Archive for the ‘ruma-guideline’ Category

Responsible Use of Antibiotics in Farm Animals – general guidance

Information Note on Antibiotic Resistance and the Responsible Use of Antibiotics in Farm Animals

RUMA’s briefing paper aims to:

  1. Explain antibiotic resistance and why it matters to human and animal health
  2. Set out why and how antibiotics are used in UK farms
  3. Identify the risks to public health from use of antibiotics in farming
  4. Explain the responsible use of antibiotics in farming
  5. Identify the changes in legislative controls (for antibiotic use in veterinary medicines and feed additives) that RUMA believes are appropriate and proportionate to manage the limited risk of antibiotic use in farm animals leading to clinical treatment problems in humans

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Responsible Use of Antimicrobials in Sheep Production

The full version of the guidelines for Responsible use of Antimicrobials in sheep production are currently under revision.

RUMA guidelines for the responsible use of antimicrobials by sheep farmers have been designed to give easy-to-read guiding principles that can be used by sheep producers in the management of their flocks. Antimicrobials have, for decades, made a major contribution to continually improving sheep health and welfare. As such they are vital medicines for the treatment of bacterial infections in sheep.

The emergence of antimicrobial resistance as a serious problem in human medicine has prompted concerns that a crossover of resistance or resistant bacteria from livestock could take place into the human population (and vice versa). If this occurred the effectiveness of some medical antimicrobial treatments could be compromised.

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Responsible Use of Antimicrobials in Poultry and Game Production

These guidelines have been produced by British Veterinary Poultry Association for producers, veterinarians and advisers. They meet the RUMA principles for the responsible use of medicines and as such RUMA supports their use and promotion in the UK poultry sector.

Responsible Use of Antimicrobials in Pig Production

Antibiotics are important medicines, used under veterinary direction, to treat sick animals; they are an essential tool to protect pig health and welfare. The vet will ensure the treatment is responsible, that it is appropriate for the farm and the current health situation in the pigs being treated.

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Responsible Use of Antimicrobials in Dry Cow Management

All dairy farmers must be totally committed to producing safe food. Dairy farmers should together with the farm’s veterinary surgeon draw up, implement and regularly review a herd health plan that outlines routine preventive measures (e.g. milking machine testing, teat dip, parlour hygiene) and disease control policy, including dry cow therapy.

Dry Cow Management is an essential part of a dairy farmer’s routine to ensure the health and welfare of their cows. The dry cow period is a high risk time for acquisition of new bacterial infections. The current concerns over the use of antibiotics and possible implications with antimicrobial resistance mean it is timely to review the concept of treating all cows at the end of lactation to both prevent new infections and treat any existing infections.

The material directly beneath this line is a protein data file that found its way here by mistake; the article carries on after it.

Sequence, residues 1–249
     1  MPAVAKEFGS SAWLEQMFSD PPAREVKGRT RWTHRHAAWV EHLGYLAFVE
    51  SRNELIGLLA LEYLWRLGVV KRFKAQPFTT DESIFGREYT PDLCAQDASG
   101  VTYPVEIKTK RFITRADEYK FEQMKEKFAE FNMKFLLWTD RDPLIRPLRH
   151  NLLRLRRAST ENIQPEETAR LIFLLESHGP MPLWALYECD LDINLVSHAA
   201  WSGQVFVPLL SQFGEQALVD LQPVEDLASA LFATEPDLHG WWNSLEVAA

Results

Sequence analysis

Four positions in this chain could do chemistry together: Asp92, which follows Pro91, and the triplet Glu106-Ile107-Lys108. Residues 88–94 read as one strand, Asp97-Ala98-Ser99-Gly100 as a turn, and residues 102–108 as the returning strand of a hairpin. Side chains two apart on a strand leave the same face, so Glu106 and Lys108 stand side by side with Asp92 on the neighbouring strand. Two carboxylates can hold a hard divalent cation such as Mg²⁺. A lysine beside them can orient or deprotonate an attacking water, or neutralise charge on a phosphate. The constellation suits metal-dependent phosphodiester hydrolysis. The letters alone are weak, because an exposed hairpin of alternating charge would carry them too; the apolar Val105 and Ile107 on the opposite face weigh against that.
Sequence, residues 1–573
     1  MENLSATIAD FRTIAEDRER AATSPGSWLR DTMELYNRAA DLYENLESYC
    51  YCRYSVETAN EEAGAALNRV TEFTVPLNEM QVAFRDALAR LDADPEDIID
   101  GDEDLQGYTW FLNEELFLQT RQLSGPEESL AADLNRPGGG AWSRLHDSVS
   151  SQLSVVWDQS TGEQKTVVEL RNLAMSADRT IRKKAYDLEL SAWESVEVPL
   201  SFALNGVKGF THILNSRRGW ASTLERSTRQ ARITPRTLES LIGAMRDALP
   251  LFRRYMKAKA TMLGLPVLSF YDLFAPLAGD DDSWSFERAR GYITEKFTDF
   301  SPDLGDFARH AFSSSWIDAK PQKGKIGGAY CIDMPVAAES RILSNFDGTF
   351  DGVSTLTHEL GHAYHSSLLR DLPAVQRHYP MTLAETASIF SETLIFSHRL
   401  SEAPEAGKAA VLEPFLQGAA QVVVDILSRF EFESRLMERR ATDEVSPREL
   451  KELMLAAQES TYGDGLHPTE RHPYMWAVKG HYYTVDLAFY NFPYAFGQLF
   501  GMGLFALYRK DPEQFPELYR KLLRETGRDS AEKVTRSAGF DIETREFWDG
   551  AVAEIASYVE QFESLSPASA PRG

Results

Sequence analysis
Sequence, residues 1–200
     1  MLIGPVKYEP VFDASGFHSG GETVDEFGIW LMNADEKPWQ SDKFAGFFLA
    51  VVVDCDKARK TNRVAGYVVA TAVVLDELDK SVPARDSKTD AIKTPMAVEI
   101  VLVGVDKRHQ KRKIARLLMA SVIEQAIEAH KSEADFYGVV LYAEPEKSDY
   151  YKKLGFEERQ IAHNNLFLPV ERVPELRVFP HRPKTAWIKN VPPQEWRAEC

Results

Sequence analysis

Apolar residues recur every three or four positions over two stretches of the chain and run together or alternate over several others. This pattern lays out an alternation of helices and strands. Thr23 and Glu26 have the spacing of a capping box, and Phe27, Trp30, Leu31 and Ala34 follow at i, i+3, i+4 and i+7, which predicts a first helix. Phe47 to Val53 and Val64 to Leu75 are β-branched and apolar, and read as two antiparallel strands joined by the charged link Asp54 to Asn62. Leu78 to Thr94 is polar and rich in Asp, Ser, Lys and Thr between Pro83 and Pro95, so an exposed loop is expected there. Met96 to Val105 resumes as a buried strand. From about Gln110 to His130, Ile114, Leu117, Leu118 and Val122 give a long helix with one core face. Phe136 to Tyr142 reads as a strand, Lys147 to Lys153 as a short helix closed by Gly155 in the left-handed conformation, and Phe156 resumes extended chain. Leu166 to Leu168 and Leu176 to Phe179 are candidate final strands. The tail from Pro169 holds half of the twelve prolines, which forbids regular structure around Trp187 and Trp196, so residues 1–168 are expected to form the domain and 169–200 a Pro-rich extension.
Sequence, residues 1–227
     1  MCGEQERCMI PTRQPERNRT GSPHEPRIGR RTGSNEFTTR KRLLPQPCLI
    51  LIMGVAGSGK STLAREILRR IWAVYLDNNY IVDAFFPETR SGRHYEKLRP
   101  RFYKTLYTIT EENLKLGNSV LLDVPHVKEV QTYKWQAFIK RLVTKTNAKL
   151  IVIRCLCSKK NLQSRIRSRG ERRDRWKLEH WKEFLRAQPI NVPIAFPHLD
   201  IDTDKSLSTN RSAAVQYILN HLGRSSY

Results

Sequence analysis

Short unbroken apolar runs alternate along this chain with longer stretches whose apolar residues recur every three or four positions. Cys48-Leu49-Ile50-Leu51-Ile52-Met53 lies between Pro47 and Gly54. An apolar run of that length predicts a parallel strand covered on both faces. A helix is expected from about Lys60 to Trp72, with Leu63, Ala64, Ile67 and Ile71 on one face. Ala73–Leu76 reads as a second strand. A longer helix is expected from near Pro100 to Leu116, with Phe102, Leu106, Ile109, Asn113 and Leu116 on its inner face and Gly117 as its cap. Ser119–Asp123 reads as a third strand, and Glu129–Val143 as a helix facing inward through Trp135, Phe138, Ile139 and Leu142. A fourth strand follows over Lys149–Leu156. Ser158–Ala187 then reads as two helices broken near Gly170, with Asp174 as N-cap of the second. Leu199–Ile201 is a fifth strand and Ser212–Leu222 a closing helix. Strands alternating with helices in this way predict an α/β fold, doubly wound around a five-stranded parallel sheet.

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Responsible Use of Antiparasitics in Aquaculture

The purpose of this publication is to examine the parasites which affect the raising of fish for human consumption in commercial aquaculture production systems, how they are monitored, and the current treatments available, as well as other management methods in order to encourage responsible use of parasiticides.

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Anthelmintics in Pigs

Parasitic worms in the pig are an important though often overlooked problem that can significantly reduce productivity and growth rates as well as causing noticeable clinical disease in some cases. Worms can affect the digestive system and the respiratory system, the latter by direct damage due to the pig lungworm or more commonly indirectly as migrating worm larvae pass through the lungs on their way back to the gut.

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Responsible Use of Antimicrobials in Fish Production

Antimicrobials have made a major contribution to fish health and welfare. They are vital medicines for the treatment of bacterial infections in fish.

The emergence of antimicrobial resistance as a serious problem in human medicine has prompted concerns about the potential for crossover of resistant bacteria from livestock to the human population and the associated possibility of this impacting on the effectiveness of medical antimicrobial treatments.

These guidelines aim to review the use of antimicrobials and to establish practical strategies to enable farmers, including fish farmers, to reduce the need for their use. They advise on all aspects from application and responsibilities of the farmer, feed manufacturer and veterinary surgeon, to strategies for reducing the need for usage.

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